Snap19 February 2018Updated about 3 months ago

Russia: Positive January data eases GDP concerns

January statistics suggest the GDP weakness in 4Q17 might have been just temporary. But it still allows the Russian central bank to continue (a balanced) easing policy 


January economic data confirms growth is underway

January data was widely awaited after the soaring industrial production data we had earlier in the month, dispelling all doubts about the state of the Russian economy. The Rosstat release has mostly confirmed the economy looks quite OK at the beginning of 2018.

Income indicators look solid

Real wage growth was stable at the December 2017 level of 6.2% YoY, after it was revised up from 4.6%. We had an above-consensus 7.8% forecast versus market expectations of 5%, which bodes well for the released figure after taking the revision into account. 

The growth is partly due to the required pay adjustment finalised in January 2018 for some types of public employees covered by Putin's 2012 post-election decrees as well as the four-percent-based indexation of wages for those not included. 

It is also interesting that decent wage growth in December 2017 (the only available sectoral data) was observed both in the public and private sector, and in the latter case annual bonuses might be a reason. Disposable incomes growth also turned non-negative to 0% for the first time since January 2017. ING forecast was -0.7% while consensus was -0.5%. 

Unemployment rate edged higher, but only marginally

The non-seasonally adjusted unemployment rate rose only modestly from 5.1% to 5.2%. Again, this was below ING forecast of 5.4% and the consensus 5.3%, meaning that the seasonally-adjusted print dipped below 5% from 5.1% in December 2017.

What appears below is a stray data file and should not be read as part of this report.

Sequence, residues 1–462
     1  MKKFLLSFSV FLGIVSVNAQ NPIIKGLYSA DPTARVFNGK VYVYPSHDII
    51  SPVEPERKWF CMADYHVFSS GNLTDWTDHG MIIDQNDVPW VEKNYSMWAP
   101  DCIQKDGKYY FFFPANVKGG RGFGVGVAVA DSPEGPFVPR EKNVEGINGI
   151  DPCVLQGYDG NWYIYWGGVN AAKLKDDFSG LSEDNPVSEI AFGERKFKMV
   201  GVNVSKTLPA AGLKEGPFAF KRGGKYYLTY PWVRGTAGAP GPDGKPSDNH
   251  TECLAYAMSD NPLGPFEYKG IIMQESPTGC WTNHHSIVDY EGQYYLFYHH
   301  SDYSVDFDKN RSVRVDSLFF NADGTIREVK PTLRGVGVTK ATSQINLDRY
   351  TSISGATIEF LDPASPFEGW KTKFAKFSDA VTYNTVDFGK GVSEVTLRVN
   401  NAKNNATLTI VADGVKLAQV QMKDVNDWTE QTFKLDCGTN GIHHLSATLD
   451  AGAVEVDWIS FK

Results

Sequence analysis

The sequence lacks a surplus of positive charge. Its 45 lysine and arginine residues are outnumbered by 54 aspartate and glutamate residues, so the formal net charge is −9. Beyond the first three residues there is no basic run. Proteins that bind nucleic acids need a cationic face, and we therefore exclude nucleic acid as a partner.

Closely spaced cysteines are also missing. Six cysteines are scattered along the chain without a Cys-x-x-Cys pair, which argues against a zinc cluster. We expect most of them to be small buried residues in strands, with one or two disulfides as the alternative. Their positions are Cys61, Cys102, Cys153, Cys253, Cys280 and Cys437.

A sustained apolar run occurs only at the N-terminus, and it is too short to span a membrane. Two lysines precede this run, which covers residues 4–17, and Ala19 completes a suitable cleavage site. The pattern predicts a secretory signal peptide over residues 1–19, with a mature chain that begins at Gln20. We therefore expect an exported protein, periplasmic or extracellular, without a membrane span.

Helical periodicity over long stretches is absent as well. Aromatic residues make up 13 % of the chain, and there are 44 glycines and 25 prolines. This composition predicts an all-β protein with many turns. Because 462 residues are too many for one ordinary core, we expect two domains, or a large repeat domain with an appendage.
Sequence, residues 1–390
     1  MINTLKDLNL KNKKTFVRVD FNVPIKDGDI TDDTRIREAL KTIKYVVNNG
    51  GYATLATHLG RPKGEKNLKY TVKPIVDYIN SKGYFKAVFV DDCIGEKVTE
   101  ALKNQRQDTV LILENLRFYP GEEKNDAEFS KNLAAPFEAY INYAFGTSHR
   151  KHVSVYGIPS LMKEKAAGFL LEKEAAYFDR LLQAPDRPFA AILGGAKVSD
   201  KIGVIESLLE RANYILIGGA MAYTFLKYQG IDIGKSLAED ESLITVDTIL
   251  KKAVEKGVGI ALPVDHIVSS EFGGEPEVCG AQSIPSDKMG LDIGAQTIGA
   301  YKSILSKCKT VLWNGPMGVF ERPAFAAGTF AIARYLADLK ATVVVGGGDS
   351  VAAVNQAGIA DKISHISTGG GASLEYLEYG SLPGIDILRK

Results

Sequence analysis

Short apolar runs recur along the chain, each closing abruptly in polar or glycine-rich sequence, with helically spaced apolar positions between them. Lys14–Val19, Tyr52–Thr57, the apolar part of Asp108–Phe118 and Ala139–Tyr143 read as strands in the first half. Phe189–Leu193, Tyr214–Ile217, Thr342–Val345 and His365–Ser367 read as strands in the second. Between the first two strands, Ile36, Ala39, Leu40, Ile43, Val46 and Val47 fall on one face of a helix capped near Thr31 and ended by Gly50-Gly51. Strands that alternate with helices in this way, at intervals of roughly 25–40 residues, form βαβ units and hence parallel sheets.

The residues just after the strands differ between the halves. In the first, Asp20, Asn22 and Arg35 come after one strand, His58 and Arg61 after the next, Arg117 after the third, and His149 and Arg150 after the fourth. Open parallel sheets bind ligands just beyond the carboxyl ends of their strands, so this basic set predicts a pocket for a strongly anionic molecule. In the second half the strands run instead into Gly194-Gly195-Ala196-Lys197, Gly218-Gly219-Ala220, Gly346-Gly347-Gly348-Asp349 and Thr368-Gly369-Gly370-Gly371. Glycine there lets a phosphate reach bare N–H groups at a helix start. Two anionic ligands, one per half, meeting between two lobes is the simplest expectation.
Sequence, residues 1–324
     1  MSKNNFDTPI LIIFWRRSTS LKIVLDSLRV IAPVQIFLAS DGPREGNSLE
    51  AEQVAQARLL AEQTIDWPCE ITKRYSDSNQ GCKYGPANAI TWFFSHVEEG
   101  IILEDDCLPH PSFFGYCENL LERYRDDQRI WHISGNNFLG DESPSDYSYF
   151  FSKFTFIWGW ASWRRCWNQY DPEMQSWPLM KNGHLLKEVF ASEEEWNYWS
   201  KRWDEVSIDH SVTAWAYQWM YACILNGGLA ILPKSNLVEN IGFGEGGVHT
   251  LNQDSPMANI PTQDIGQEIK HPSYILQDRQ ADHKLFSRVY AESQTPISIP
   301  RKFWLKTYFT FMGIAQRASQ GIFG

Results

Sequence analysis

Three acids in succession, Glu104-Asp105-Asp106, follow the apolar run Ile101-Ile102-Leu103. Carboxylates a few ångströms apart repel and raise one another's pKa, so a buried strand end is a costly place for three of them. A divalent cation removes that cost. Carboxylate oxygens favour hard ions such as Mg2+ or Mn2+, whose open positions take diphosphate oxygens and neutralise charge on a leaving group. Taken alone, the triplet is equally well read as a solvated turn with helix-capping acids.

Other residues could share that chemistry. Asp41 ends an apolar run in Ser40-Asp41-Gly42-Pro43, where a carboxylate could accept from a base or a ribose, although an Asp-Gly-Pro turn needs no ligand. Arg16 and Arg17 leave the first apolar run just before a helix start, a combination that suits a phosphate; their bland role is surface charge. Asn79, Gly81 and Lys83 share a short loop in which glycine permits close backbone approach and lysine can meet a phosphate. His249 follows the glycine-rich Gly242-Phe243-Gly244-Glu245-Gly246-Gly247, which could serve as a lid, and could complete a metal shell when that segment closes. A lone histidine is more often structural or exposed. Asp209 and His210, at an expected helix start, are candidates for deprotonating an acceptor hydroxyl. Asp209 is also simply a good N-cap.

This supports wage growth but also serves as a source of concern for the CBR with respect to inflation risks. 

Consumption stays on track

Our proxy for private consumption accelerated further from 2.5% YoY to 2.6% which is the highest pace for the post-crisis period. 

This was due to the surprising resistance in retail sales which slowed down only marginally from 3.1% to 2.8%. ING forecast is 1% while consensus was 2.4% despite a high comparison base. 

Also, services consumption firmed up from 0.1% to 2.1% in January 2018. It seems that the positive momentum from strong real wages growth supported by expanding retail loans and improving consumer confidence all passed-through to consumption and offset the base effect.    

Other activity data was mixed, PPI inflation muted on energy

Construction growth weakened from 1.3% to 0.2%. ING forecast was 3.5% while consensus was 2.3%, which means a loss of momentum in early 2018 which was required to help the investments recovery. Cargo shipments, on the contrary, came better at 0.9% than the expected construction of 1.3%. Overall, this mix of results looks neutral to us. 

Also, producer price growth (PPI) surprised on the downside at 1.3%MoM/5%YoY (ING 1.8%/6.8%, consensus 1.3%/6.4%) despite a 1.1%MoM growth in mining sector prices. A 0.1%MoM growth in manufacturing helped, but was mostly a story of falling gasoline prices on the back of accelerating prices (from 0.1% to 0.7%) on core manufacturing goods (excl. oil refinery).

How to read the data?

The positive January data, especially on the consumption and industrial production side, are likely to ease concerns about the GDP outlook. 

Moreover, low unemployment, strengthening real wage growth and picking up PPI inflation in core manufacturing goods may keep the Central Bank of Russia (CBR) focussed on inflation risks. For now, they don't look material for the Bank to re-think its "faster policy normalisation" stance after the February 2018 meeting. 

It would also be strange to read from one-month figures, and there are questions on investments growth. But if the consumption trends continue and investments pick up, the CBR may easily focus on 25bp, not 50bp, as the primary step for the policy easing expected in coming months and pauses at some meetings in 2H18 might also be considered. 

This is in line with our view of the CBR rate falling to 6.50% by December 2018 vs 7.50% now.